“We really wiped out the industry for a number of years,” Pettinger said. “To get those things up and going again is not easy.”
In 2011, trawlers were assigned quotas for how many of each species they could catch. If they went over, they had to buy quota from other fishermen in a system reminiscent of a carbon cap-and-trade model. Mandatory independent observers, paid by the trawlers, accompanied the vessels and hand-counted their haul.
Fishermen quickly learned to avoid areas heavy in off-limits species and began innovating to net fewer banned fish.
Surveys soon showed groundfish rebounding — in some cases, 50 years faster than predicted — and accidental trawling of overfished species fell by 80%. The Marine Stewardship Council certified 13 species in the fishery as sustainable in 2014, and five more followed last year.
As the quota system’s success became apparent, environmentalists and trawlers began to talk. Regulators would soon revisit the trawling rules, and the two sides wanted a voice.
They met more than 30 times, slowly building trust as they crafted a proposal. Trawlers brought maps developed over generations, alerted environmentalists to reefs they didn’t know about, and even shared proprietary tow paths.
“All we could do on our end is make a good-faith offer, and I really credit the guys in the industry for taking that up,” said Seth Atkinson, an attorney with the nonprofit Natural Resources Defense Council. “These were tough compromises.”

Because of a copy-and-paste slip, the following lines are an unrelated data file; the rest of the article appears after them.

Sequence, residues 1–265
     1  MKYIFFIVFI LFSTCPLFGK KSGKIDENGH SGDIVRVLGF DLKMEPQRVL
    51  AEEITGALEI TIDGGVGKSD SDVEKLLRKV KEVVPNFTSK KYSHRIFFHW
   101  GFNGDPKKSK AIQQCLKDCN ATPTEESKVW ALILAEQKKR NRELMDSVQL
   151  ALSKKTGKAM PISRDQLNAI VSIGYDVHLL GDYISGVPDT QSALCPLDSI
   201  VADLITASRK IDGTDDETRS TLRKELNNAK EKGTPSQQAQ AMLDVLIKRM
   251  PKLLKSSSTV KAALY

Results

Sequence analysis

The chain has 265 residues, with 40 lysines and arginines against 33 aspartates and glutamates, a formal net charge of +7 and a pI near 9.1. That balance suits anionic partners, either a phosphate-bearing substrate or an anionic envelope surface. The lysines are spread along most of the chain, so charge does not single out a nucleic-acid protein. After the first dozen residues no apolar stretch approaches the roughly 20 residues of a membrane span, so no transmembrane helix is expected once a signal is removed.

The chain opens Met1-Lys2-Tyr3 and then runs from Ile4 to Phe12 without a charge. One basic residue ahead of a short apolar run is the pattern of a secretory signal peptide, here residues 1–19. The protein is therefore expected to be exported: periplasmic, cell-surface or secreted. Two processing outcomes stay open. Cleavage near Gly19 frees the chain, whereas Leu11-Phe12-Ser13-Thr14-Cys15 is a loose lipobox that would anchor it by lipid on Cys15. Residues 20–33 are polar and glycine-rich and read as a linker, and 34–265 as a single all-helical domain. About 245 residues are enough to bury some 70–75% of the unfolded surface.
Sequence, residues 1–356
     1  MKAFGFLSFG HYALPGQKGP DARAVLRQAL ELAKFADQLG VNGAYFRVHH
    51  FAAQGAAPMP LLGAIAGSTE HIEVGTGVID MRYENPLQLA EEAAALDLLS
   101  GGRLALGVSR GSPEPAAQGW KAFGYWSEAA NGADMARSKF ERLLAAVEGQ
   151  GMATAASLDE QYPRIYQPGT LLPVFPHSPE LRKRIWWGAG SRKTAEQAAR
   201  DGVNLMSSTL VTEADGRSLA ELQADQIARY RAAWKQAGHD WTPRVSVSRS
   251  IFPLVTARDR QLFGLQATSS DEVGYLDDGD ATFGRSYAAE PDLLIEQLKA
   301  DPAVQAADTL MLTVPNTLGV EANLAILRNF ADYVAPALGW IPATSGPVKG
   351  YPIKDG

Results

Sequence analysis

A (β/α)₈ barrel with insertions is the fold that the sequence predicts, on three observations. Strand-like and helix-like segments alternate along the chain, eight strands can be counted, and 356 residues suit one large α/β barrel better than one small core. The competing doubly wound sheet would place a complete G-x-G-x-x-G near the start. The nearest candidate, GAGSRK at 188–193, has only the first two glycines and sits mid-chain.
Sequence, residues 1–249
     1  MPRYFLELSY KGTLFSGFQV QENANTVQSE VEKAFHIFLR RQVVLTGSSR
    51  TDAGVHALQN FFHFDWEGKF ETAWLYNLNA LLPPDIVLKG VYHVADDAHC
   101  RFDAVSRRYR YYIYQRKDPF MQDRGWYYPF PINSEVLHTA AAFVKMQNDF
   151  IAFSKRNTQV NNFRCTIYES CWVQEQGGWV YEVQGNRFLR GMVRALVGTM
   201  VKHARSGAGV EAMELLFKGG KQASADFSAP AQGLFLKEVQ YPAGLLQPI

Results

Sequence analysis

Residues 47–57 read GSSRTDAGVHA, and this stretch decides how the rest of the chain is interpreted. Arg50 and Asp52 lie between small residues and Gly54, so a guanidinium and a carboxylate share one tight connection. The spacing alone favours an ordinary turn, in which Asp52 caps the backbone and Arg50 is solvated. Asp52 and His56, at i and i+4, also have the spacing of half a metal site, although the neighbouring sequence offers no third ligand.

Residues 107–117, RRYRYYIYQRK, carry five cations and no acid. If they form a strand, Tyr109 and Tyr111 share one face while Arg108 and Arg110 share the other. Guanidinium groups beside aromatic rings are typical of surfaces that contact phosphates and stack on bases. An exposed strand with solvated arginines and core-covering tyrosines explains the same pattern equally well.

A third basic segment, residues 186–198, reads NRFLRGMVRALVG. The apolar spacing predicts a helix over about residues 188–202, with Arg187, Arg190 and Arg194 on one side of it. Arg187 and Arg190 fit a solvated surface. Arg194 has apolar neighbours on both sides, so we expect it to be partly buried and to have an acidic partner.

Last year, regulators approved a plan to reopen the 17-year-old Rockfish Conservation Area off Oregon and California, while banning future trawling in extreme-depth waters and making off-limits some habitat dubbed essential to fish reproduction, including a large area off Southern California.
“A fair number of fishermen thought it was a good deal and if it was going to happen, it was better for them to participate than not,” said Tom Libby, a fish processor who was instrumental in crafting the agreement. “It’s right up there with the best and most rewarding things in my career — and I’ve been at it 50 years.”
Some groups, like Oceana, wanted even more protections from bottom trawling, which it calls the “most damaging fishing method to seafloor habitats off the West Coast.” In a news release, the group emphasized that the agreement it did get safeguards 90 percent of the seafloor in U.S. waters off the West Coast.
Even so, with fragile species rebounding, trawlers could harvest as much as 120 million pounds (54 million kilograms) a year, but there’s only demand for about half that much. That’s because groundfish have been replaced in stores by farmed, foreign species like tilapia.
A trade association called Positively Groundfish is trying to change that by touring food festivals and culinary trade shows, evangelizing to chefs and seafood buyers about the industry’s rebound and newfound sustainability. They give out samples, too.
“We are treating this almost like a new product for which you have to build awareness — but we do have a great story,” said Jana Hennig, the association’s executive director. “People are so surprised to hear that not everything is lost, that not everything is doom and gloom, but that it’s possible that you can manage a fishery so well that it actually bounces back to abundance.”